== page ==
• Magnetic resonance imaging (MRI): The proposed structural or functional approach should already have proof-of-concept data in human patients and be translatable for clinical use. Approaches that can measure novel targets and are significant improvements upon what is currently available in MR techniques are of higher priority.
  • Magnetic resonance spectroscopy (MRS): The ability to detect specific molecules or proteins relevant to disease or a specific drug in development should be demonstrated in the preliminary data section of the application.

Cerebrospinal fluid (CSF) biomarkers can be a single analyte or panel of analytes; however, the proposed signature should have proof-of-concept data in human patient samples and the specific analyte combination should be well justified.

Functional activity measures applicable to this RFP include electroencephalogram (EEG), magnetoencephalography (MEG), and transcranial magnetic stimulation (TMS). Only highly novel techniques or analyses for EEG, MEG and TMS will be considered.

These proposals must meet the following criteria:

  • The proposed approach is an improvement on already existing functional measures used in clinical practice for diagnosing and monitoring dementias
  • The biomarker and its biological connection to the disease should be established and clearly described
  • Proof-of-concept data should be completed in human patients

Other novel approaches: The biomarker should already be identified and validated in at least a small number of human samples.



All proposals should address the following:

Context of use: This RFP will consider all context of use categories that will advance drug development for Alzheimer's and related dementias. These categories,  as defined by the FDA, include diagnostic, monitoring, predictive, prognostic, pharmacodynamic/response, and susceptibility/risk biomarkers. The expected context of use, which defines a biomarker's intended clinical use, should be described in the application. The development plan should be appropriate for the described context of use.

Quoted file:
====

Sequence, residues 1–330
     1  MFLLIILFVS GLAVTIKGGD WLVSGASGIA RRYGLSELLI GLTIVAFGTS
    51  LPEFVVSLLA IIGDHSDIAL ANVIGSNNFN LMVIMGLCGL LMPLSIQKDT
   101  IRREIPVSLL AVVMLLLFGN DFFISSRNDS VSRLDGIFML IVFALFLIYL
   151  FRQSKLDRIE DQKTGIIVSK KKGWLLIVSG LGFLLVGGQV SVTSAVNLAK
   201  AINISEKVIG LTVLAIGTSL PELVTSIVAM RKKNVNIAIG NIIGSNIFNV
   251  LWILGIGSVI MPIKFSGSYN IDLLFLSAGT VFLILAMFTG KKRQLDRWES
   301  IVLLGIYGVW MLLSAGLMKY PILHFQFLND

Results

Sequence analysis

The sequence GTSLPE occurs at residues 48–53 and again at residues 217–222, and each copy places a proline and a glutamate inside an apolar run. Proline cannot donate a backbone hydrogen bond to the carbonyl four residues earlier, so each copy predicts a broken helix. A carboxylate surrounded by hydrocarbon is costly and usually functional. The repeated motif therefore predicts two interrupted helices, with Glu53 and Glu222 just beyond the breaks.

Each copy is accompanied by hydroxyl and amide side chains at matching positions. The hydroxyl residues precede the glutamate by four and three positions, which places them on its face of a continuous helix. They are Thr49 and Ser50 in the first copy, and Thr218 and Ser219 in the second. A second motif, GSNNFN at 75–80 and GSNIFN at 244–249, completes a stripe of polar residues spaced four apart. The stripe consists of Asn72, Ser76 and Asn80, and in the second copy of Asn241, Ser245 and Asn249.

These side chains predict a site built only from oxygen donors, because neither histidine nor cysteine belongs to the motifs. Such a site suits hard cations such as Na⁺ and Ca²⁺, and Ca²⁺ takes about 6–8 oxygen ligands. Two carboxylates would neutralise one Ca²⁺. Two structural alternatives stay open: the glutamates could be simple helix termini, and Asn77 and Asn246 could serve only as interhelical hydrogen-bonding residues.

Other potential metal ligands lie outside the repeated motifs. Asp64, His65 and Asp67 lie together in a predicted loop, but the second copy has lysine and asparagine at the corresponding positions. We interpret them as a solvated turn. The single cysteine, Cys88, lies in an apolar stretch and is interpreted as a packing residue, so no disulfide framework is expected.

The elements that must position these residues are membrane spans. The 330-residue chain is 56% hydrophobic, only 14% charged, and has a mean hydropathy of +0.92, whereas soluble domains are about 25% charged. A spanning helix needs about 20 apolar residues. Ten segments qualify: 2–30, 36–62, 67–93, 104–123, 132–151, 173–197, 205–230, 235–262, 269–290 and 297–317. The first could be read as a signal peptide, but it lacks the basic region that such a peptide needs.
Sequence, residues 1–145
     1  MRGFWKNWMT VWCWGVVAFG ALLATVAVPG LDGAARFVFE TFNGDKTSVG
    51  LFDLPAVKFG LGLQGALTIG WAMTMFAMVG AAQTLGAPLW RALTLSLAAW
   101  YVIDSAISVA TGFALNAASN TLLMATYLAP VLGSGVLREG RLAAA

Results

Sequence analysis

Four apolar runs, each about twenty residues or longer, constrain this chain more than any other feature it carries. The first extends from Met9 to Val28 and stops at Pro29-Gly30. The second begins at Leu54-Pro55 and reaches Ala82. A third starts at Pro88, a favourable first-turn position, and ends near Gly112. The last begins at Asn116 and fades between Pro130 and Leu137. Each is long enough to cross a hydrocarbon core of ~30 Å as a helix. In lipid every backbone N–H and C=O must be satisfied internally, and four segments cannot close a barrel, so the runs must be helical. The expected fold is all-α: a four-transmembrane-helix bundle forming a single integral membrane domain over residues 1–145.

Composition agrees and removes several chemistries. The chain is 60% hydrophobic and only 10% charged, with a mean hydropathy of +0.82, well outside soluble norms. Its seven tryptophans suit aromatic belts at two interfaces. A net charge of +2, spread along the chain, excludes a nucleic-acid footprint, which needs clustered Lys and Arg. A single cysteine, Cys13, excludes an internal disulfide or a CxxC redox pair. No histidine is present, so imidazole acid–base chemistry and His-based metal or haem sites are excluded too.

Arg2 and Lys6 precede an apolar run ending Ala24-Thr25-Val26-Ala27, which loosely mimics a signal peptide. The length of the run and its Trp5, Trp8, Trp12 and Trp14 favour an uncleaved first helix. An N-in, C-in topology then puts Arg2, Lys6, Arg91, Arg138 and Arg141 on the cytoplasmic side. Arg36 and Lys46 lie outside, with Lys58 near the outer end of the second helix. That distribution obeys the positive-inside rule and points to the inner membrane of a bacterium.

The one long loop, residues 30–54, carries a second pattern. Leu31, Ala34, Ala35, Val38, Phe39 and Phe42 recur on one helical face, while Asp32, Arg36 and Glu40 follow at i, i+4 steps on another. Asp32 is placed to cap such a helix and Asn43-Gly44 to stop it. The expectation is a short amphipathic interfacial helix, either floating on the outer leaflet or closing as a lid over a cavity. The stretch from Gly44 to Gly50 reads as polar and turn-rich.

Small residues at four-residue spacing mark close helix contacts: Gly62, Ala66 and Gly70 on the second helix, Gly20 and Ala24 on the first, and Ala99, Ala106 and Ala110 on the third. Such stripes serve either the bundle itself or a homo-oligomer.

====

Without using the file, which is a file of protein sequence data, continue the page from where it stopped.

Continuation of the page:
How the proposed biomarker compares to currently available biomarkers: PET imaging and CSF markers of amyloid and tau can distinguish between Alzheimer’s disease and healthy control individuals with high specificity and sensitivity. The applicant must demonstrate the advantage of their approach with these tests in mind (cheaper, easier to use, less invasive, etc.), and how it compares to the sensitivity/specificity of what is currently available (CSF Aβ, CSF tau, PET scans, MMSE, etc.).

Potential for commercial and clinical translation:  The path to commercialization or clinical use should be considered in all proposals. Applicants should clearly state how the proposed biomarker would fit into the current clinical landscape. The applicant should articulate where in the path to commercialization the study falls and outline the proposed plan forward. Clear milestones and go/no-go decision points should be provided. Identification of potential future commercial partners is encouraged.

In addition, all proposals will be evaluated for:

  • Novelty and biological plausibility linking the biomarker to disease pathophysiology in human studies
  • Scientific and technical merit of the proposed approach
  • Strength of preliminary data using the proposed biomarker in preclinical and human samples
  • Level of innovation
  • Feasibility, research design and methodology
  • Investigator, organizational capabilities, and budget for the project


Review the Application Instructions for steps on applying.





The ADDF considers its application process an iterative one and would be happy to talk to you about your biomarker program.

For program-related inquiries, please contact:
Meriel Owen, PhD, Scientific Program Officer, Scientific Affairs

For application submission inquiries, please contact:
Grants and Mission-Related Investments Team